President Trump walks with Defense Secretary James Mattis following a meeting at the Pentagon in Washington, D.C., Jan. 18, 2018. DOD photo by Army Sgt. Amber Smith.
The Trump administration's plan to bar most transgender individuals from military service, is already facing a series of legal challenges with the US Department of Justice saying it is ready to defend the Pentagon's authority.
The White House on Friday said it allowed Defense Secretary Jim Mattis to implement a new policy, finding "the accession or retention of individuals with a history or diagnosis of gender dysphoria — those who may require substantial medical treatment, including through medical drugs or surgery — presents a considerable risk to military effectiveness and lethality."
The Pentagon, late Friday, released the 48-page memo Mattis sent Trump, outlining the policy. Specifically, servicemembers who require or may have had gender reassignment surgery should be disqualified from service, it reads. Those with a history or diagnosis of gender dysphoria should also be banned, with limited exceptions. Transgender servicemembers currently serving, and who have not undergone reassignment surgery, can stay in service, as long as they have been "medically stable" for at least 36 months.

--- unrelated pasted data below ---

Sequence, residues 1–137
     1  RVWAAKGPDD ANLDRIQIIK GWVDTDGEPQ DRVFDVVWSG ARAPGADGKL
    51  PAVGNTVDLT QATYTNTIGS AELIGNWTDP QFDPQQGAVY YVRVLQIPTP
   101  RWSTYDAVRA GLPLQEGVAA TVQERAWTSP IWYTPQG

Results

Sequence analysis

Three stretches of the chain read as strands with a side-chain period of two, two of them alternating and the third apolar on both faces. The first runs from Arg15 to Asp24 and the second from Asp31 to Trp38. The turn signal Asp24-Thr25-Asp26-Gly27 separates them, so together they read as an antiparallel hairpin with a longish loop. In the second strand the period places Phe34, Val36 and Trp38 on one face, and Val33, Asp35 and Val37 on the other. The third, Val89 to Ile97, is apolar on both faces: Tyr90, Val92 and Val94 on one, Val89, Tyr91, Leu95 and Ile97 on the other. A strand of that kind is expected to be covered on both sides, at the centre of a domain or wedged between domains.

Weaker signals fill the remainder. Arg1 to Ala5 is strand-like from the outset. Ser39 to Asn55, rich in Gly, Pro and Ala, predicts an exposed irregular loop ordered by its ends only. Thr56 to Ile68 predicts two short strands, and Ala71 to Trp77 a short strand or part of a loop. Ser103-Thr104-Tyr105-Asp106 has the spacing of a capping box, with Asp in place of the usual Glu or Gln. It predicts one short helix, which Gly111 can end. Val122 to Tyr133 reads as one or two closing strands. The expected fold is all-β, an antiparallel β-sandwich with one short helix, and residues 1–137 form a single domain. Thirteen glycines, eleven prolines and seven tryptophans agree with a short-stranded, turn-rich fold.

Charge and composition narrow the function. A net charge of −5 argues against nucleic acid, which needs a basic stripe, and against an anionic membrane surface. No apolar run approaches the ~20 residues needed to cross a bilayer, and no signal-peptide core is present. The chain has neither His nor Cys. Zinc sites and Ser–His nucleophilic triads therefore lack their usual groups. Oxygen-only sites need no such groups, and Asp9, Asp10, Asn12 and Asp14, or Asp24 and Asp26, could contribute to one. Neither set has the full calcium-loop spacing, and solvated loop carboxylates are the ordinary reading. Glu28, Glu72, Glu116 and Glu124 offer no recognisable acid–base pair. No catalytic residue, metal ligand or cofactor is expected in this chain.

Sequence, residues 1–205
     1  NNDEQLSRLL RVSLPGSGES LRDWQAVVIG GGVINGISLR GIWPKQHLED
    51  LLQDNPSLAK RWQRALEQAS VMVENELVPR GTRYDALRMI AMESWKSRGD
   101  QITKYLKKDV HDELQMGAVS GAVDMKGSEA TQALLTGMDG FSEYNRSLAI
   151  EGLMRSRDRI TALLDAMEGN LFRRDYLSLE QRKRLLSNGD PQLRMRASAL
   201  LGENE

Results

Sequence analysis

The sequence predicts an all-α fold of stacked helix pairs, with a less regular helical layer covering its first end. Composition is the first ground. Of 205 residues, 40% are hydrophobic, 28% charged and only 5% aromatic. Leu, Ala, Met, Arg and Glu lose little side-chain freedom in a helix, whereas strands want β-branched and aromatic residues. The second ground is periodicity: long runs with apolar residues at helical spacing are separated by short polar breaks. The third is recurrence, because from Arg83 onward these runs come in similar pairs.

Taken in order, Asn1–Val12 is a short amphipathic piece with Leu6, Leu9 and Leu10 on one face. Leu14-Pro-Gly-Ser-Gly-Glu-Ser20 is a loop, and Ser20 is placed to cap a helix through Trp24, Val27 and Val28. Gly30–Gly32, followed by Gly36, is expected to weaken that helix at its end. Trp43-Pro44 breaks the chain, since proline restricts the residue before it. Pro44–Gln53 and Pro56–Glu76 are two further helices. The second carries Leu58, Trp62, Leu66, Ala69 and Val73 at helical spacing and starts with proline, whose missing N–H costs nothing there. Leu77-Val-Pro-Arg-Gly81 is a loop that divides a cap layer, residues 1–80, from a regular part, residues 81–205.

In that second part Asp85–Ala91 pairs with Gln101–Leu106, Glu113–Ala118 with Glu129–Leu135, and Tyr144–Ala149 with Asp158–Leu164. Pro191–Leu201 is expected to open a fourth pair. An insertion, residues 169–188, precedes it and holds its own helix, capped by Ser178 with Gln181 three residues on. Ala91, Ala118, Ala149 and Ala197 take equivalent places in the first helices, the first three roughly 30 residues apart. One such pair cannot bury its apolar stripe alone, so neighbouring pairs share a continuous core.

After the announcement, groups such as Lambda Legal and OutServe-SLDN have filed for permanent injunctions against the policy, and California's attorney general has filed a lawsuit against it as well, according to The Associated Press.
Mattis, asked Monday about the new policy, said "We are out to build the most lethal service. Right now, because these are matters under litigation, I'm not going to discuss them further."
The Justice Department said Friday it will defend the Pentagon's ability to implement policies that are "determined necessary to best defend our nation," the AP reported.
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